The one among the servants of Pharaoh who feared the word of the LORD made his servants and his livestock flee into the houses;Exodus 9:20(NASB)
The theme of Exodus is redemption and the founding of Israel. Half of the book details the birth and commissioning of Moses and his return to Egypt, following His 40 years' sojourn as a shepherd in Midian. It describes his confrontations with Pharaoh; the ten terrible plagues that challenged the ten gods of Egypt; Israel's first Passover meal; their exodus from Egypt and the crossing of the Red Sea.
Pharaoh's repeated refusal to let God's people go resulted in 10 terrible plagues that severely affected every Egyptian life. Each plague was designed to show the supremacy of God over Egypt's pagan deities, and the seventh pestilence was terrifying hail, with thunderous lightning flashing through it. The hailstorm was so severe that nothing like it had occurred in the land of Egypt since it had become a nation.
The Lord is a just God and rebellion must be judged... but by God's grace Moses was told to inform the Egyptians of the coming hailstorm and advised them bring their livestock, and all they had in the field, into shelters. He warned them that any people and animal left outside in the field would die when the hail fell.
As with all God's wonderful works, His purpose is to show that He is the Lord and there is no power in heaven or earth that is able to withstand His awesome presence. The severity of the previous six judgements caused many in Pharaoh's court to recognise the almighty power of God; respond to the warning they received and honour His holy name, for "there were those among the servants of Pharaoh who feared the word of the LORD."
Having witnessed the devastating results of the six, previous plagues, certain Egyptians determined not to be harmed by the hailstones. They had already experienced Egypt's water turning to blood - together with the infestation of frogs; lice; flies; the pestilence on the livestock and the festering boils that affected both man and animals. And so we read that "whoever feared the message from the LORD among Pharaoh's officials made his servants and livestock flee into shelters" - before the hail fell.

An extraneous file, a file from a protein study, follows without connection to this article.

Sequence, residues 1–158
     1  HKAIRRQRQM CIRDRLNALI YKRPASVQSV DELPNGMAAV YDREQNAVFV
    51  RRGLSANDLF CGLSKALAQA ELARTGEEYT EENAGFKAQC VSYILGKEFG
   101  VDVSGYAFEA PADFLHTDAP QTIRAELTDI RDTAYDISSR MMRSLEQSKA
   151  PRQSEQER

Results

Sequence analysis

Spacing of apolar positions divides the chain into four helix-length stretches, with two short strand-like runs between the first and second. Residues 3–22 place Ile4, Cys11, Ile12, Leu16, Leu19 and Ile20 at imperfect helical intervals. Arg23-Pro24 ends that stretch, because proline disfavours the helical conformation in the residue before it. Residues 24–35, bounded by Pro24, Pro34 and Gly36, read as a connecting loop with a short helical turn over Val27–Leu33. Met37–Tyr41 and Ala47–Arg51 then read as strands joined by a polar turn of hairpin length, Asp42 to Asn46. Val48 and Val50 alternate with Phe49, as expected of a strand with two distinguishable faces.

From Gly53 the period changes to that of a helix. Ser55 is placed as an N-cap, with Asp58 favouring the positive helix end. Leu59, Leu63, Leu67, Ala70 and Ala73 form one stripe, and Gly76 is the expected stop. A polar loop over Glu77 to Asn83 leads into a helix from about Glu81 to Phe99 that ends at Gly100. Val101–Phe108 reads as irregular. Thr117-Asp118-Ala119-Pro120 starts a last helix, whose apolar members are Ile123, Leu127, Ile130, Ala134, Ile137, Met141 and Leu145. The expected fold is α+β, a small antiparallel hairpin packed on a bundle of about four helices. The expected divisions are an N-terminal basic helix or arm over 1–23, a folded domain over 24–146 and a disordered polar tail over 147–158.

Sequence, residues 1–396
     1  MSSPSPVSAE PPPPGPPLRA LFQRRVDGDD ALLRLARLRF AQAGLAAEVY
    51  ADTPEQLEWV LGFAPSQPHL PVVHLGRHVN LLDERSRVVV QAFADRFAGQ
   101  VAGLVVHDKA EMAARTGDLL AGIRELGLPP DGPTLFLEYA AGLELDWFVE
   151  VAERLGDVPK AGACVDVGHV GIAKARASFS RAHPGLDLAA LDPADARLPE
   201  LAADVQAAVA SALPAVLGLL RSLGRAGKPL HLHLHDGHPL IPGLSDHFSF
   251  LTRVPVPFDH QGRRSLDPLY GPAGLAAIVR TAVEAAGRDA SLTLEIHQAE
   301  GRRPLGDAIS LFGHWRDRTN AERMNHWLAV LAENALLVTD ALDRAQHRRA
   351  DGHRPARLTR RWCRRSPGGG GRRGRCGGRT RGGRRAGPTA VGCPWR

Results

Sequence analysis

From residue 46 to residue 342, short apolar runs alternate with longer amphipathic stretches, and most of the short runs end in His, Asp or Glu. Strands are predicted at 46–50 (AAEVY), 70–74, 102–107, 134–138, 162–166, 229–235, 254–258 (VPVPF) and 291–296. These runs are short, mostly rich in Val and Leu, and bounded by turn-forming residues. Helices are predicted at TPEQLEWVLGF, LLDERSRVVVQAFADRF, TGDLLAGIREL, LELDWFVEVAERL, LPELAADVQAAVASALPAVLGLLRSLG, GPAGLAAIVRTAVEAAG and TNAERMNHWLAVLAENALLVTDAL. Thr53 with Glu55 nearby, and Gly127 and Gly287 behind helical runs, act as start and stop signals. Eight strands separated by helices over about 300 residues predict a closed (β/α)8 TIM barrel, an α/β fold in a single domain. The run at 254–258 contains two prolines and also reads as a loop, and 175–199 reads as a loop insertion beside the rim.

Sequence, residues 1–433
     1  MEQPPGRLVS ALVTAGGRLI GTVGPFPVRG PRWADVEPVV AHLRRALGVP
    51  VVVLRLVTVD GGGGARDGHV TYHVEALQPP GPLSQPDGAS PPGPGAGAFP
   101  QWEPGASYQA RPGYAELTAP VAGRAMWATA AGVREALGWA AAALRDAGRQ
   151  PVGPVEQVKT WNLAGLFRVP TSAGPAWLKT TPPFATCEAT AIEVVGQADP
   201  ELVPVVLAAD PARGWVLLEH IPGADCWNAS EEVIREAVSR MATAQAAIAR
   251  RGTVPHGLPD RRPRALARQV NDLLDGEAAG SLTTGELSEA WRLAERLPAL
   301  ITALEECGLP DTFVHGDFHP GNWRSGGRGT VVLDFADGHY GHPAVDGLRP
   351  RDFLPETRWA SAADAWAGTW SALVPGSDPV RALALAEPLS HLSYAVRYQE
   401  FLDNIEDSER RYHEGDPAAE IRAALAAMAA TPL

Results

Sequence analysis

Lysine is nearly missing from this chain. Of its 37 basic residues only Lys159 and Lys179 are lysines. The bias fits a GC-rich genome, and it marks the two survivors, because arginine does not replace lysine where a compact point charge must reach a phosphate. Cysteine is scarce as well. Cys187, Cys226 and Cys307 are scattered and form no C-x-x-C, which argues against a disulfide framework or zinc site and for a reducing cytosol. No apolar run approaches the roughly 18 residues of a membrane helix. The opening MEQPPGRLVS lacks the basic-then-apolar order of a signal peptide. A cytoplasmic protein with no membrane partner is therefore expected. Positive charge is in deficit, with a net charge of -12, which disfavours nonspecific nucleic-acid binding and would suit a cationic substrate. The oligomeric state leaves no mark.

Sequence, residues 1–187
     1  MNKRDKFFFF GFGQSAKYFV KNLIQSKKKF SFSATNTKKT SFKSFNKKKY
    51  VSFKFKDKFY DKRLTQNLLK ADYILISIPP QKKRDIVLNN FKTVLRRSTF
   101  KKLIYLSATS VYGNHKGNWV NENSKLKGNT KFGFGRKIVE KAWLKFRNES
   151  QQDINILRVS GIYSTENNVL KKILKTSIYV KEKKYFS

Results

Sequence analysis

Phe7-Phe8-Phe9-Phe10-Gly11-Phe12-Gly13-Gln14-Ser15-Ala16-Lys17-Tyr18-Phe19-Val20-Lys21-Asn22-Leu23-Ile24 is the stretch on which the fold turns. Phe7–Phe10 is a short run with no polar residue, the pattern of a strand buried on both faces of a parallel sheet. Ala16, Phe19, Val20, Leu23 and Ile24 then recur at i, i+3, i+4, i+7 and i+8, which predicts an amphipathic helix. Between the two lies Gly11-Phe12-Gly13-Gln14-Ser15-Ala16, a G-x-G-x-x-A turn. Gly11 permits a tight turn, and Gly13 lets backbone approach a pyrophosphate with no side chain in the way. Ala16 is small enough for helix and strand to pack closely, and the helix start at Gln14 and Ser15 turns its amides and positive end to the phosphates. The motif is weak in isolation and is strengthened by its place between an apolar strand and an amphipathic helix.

God had determined that no hail would fall on the land of Goshan, where the children of Israel lived. However, men and animals remaining in Egyptian fields were affected and crops, that were ready for harvest, were destroyed. Perhaps it was the extreme severity of this seventh plage that caused Pharoah to temporarily repent of his sin against the Lord - but it was soon replaced by a heart that was hardened against Him.
There are many that condemn the judgements of God. They accuse Him of careless disregard for human life and portray Him as angry and uncaring. However sin must always be punished and when God's plan of redemption is traced from Genesis to Revelation, it is the long-suffering and merciful nature of God that is clearly identified in all His wonderful works... and His goodness and grace towards the rebellious heart of man is clearly seen.
It is not God's will that any should perish and over and again God gave Pharaoh the opportunity to repent of His sin and the people of Egypt were given many opportunities to trust in the Lord and respond to His Word - as did those among the servants of Pharaoh during the plague of hail - for those who feared the word of the LORD instructed their servants and livestock to flee into the houses, so they might receive His gift of life.
Heavenly Father, it is most wonderful to realise that through the ten terrible plagues of Egypt, which caused such hardship for so many, we can trace Your long-suffering mercy towards fallen man and Your perfect plan of redemption for those that will listen to Your voice; obey Your instructions; turn from their wicked ways and believe on You. Thank You that in the past, as well as in this present time, it is not Your will that any should perish but that all should come to repentance - turn from their sin and trust in Christ for the forgiveness of sin. Praise Your holy name, AMEN